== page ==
Coronavirus restrictions have had a negative impact on the mental health of people with autism spectrum disorder in Salford.

The National Autistic Society found individuals with autism are seven times more likely to be lonely during the pandemic.



Jay Pen, a 32-year-old man on the autism spectrum from Salford said: “Just because I am sensitive to sound and light, does not mean I never want to socialise.

“We want to do the same things as other people, but just find it more challenging.”

Groups that some autistic individuals rely on for support have not been able to meet because of the lockdown.

‘I AM celebrating autism in Greater Manchester’ is an autistic support group in Salford which is holding zoom chats for those on the spectrum.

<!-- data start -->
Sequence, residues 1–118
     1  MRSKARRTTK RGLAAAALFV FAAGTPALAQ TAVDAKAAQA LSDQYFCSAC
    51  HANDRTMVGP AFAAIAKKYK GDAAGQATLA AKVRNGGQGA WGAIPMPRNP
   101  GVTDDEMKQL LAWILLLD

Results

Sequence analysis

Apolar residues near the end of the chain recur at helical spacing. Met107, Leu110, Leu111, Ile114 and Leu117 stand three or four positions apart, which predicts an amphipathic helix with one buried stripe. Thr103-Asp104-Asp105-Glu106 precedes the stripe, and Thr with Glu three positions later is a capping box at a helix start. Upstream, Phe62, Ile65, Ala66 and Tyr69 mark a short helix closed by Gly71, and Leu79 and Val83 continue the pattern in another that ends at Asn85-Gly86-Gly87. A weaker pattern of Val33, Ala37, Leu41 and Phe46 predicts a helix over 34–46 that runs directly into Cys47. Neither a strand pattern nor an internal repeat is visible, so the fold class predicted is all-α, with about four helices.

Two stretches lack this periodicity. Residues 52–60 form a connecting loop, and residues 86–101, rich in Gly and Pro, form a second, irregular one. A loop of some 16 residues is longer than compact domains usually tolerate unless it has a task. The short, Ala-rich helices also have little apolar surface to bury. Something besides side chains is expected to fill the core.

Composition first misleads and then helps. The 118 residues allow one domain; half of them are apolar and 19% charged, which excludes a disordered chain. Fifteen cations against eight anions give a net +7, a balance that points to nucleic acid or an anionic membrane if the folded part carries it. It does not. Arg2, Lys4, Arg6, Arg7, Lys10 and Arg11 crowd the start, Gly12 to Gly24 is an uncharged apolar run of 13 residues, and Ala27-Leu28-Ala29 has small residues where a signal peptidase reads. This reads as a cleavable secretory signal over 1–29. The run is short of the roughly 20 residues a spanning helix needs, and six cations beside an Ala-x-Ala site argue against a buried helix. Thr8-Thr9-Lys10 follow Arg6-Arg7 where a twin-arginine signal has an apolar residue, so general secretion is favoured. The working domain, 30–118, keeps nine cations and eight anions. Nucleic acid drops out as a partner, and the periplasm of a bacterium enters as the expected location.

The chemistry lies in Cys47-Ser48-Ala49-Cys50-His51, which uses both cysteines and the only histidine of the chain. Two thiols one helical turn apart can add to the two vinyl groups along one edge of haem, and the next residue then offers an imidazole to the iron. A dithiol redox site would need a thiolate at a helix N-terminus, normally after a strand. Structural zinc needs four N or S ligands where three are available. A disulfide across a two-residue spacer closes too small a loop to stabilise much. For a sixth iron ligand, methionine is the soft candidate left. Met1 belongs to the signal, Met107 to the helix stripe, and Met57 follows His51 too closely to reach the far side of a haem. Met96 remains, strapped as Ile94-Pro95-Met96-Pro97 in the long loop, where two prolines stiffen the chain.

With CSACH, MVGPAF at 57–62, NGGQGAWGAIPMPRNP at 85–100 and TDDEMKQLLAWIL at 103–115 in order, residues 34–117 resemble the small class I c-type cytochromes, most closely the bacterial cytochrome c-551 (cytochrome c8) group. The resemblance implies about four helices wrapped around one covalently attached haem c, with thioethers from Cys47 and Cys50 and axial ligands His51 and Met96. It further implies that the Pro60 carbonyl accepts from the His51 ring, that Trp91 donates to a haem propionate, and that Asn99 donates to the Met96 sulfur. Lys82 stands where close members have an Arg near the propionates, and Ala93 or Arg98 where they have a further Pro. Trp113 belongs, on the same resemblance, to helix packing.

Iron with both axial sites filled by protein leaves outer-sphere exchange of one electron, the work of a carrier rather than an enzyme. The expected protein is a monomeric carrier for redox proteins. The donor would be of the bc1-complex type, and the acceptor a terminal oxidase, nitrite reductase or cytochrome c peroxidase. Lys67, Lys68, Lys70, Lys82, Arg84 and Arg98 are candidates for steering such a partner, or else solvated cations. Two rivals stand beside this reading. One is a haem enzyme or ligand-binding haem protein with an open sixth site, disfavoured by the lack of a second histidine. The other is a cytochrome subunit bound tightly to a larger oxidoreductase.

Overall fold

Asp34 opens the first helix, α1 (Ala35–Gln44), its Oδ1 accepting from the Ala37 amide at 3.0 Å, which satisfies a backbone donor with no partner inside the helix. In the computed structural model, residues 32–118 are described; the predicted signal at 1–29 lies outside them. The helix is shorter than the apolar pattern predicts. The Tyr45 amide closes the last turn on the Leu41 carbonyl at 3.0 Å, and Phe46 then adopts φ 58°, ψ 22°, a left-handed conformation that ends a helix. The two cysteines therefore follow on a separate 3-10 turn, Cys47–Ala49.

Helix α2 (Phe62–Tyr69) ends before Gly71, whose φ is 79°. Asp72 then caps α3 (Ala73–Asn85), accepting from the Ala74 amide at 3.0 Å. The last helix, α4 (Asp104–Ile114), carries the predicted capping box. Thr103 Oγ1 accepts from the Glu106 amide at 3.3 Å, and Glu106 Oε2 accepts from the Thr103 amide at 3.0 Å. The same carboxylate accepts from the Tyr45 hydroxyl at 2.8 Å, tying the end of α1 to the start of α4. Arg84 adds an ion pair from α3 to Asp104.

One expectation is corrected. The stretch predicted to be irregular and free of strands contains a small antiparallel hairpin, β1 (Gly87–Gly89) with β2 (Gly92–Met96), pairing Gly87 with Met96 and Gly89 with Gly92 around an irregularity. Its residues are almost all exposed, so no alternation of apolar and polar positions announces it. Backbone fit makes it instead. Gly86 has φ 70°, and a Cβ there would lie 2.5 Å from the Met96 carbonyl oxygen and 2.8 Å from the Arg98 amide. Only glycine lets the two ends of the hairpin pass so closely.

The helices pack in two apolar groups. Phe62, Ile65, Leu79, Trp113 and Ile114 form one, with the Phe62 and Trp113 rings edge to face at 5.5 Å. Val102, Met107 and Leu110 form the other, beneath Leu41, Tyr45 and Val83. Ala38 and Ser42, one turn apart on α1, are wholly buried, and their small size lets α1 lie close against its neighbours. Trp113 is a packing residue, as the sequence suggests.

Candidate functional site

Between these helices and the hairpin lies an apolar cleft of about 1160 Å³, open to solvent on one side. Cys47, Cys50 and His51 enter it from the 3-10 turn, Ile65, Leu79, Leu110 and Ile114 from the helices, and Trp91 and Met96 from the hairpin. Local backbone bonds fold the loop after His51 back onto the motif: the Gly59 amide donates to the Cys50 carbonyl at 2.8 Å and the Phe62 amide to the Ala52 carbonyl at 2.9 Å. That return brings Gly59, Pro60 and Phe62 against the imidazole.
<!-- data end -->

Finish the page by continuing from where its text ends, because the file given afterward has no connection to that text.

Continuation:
Image Credit: Helen Boden

CEO of ‘I AM’, Helen Boden said: “There’s a risk that the people we support are becoming so isolated by COVID that they disconnect socially.

“Parents of members joining our calls have said that they do not come out of their room normally, so making these connections is a lifeline.”

Face masks can be a communicative barrier for autistic people as many individuals on the spectrum struggle with eye contact.

Arwen Walters, a seventeen-year-old with autism, said: “I really heavily on facial expressions as apart of communication.

“It is already scary going to the supermarket but now I cannot understand anyone, it feels as if everyone is angry when you can only see their eyes.”

Arwen is exempt from wearing a face mask but chooses to wear one to keep others safe.

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